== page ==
Buyers considering iPad alternatives

Features such as cameras, Flash support and USB ports are drawing user attention to Android tablets

After facing virtually no competition for months after releasing the iPad, Apple's dominant market share faces a challenge as consumers consider purchasing tablets that could be viable iPad alternatives.

Competition is always good, and tablets with Google's Android OS could have a strong impact on the tablet market, said Jack Gold, principal analyst at J. Gold Associates.

"Android tablets within a year or year and a half could outsell the iPad. The market will be inundated with them," Gold said.

Some buyers are looking at Android tablets to get features such as cameras, Flash compatibility, USB ports and full 1080p high-definition video capabilities, which are some prominent features the iPad lacks.

The iPad started shipping in April and became an instant hit, and Apple reported selling more than 7 million iPads by the end of September. But companies such as Samsung and Toshiba are knocking on the door, and will soon release Android tablets that include features the iPad doesn't have.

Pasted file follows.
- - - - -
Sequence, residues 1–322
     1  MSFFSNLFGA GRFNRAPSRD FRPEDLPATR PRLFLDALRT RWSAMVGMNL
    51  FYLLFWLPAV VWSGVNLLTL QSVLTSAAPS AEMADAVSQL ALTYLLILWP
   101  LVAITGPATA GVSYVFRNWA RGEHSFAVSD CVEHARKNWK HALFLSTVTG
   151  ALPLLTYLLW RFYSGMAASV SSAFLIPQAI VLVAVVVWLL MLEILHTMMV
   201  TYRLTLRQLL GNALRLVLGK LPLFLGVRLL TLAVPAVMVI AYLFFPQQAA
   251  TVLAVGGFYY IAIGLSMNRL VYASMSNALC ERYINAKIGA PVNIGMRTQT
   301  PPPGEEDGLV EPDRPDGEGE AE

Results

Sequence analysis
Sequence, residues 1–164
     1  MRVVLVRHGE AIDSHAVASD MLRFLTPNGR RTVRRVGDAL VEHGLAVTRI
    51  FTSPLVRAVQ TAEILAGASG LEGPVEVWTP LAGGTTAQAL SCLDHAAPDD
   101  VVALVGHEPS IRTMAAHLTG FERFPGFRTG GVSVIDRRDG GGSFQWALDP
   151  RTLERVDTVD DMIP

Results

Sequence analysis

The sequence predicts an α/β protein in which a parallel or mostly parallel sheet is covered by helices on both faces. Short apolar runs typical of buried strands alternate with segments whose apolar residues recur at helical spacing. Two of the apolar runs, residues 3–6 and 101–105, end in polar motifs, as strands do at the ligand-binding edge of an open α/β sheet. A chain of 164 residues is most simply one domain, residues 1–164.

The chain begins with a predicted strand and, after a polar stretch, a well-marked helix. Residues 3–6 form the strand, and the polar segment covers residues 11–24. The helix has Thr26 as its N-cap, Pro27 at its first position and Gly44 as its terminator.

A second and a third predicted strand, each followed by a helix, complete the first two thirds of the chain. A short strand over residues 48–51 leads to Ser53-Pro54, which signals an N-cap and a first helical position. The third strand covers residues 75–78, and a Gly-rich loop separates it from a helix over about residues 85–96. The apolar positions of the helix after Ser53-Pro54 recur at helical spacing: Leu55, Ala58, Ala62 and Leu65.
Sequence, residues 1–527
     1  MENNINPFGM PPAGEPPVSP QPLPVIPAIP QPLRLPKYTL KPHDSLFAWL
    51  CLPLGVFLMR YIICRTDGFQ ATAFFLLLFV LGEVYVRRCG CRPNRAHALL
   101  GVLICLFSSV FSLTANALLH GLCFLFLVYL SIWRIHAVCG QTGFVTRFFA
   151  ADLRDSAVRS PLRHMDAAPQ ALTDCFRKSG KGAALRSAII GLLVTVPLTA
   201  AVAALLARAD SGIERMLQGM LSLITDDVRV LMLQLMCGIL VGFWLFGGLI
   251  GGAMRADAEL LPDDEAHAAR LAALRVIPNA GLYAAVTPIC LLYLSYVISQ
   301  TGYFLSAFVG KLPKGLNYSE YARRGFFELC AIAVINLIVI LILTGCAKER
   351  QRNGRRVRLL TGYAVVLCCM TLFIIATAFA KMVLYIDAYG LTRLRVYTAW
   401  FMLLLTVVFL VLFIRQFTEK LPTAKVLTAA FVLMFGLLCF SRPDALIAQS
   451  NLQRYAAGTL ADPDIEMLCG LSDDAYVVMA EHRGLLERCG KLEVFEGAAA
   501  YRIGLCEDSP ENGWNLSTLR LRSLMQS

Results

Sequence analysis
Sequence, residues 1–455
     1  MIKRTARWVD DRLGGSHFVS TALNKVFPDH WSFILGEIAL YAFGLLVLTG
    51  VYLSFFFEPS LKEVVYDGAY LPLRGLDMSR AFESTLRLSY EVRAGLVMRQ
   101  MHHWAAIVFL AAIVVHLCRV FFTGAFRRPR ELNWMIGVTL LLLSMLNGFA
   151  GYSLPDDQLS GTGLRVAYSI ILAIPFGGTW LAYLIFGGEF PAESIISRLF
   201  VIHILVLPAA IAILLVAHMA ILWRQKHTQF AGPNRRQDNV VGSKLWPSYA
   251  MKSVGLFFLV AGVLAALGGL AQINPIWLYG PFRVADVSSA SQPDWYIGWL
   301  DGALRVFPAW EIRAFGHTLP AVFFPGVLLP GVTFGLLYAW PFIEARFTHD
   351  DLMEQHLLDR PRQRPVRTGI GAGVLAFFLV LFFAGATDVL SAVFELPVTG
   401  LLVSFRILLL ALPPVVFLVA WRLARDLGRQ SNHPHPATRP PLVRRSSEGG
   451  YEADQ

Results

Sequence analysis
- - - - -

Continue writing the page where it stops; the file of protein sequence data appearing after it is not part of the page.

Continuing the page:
Research In Motion and Hewlett-Packard have also joined the battle, announcing tablets running their OSes. RIM's PlayBook will be out next year and run an OS it got through the acquisition of QNX. HP plans to release a tablet next year based on the WebOS mobile platform it acquired from Palm. Apple's iPad has also gained traction in businesses, and HP last week started shipping the Slate 500 business tablet, which runs on Microsoft's Windows 7 OS, and is priced at $US800.

The iPad starts at $499, and companies such as Velocity Micro and Archos have announced Android-based tablets starting at $299 in an effort to gain a price advantage.

Immediate competition for Apple will come from Samsung, which will soon ship its Android-based Galaxy Tab. In the U.S., the Tab is priced at $399 through T-Mobile and Sprint with two-year contracts and at $599 through Verizon without a contract. The tablet has a 7-inch screen, compared to iPad's 9.7-inch screen, and is capable of playing 1080p video, while the iPad is capable of 720p. The Tab also has two cameras, a 1.3-megapixel camera in the front and a 3-megapixel camera in the back. The Tab provides eight hours of battery life, which is less than the iPad, which has a battery life that's been measured at around 10 hours.

The tablets will compete in a market that is growing quickly. Analyst firm Gartner has pegged tablet sales worldwide to reach 19.5 million units in 2010, growing to 54.8 million units in 2011.

But Apple says it is ready for the competition. CEO Steve Jobs last week declared iPad competitors "dead on arrival". Seven-inch screens aren't big enough and companies will ultimately increase screen sizes, he also said.

But Galaxy Tab's seven-inch screen is the "optimal size," said Paul Ong, director of e-broking at investment firm OSK Group in Kuala Lumpur, who wants to buy the tablet. Ong needs to see stock prices on the go, and the smaller screen makes the device easier to carry, Ong said.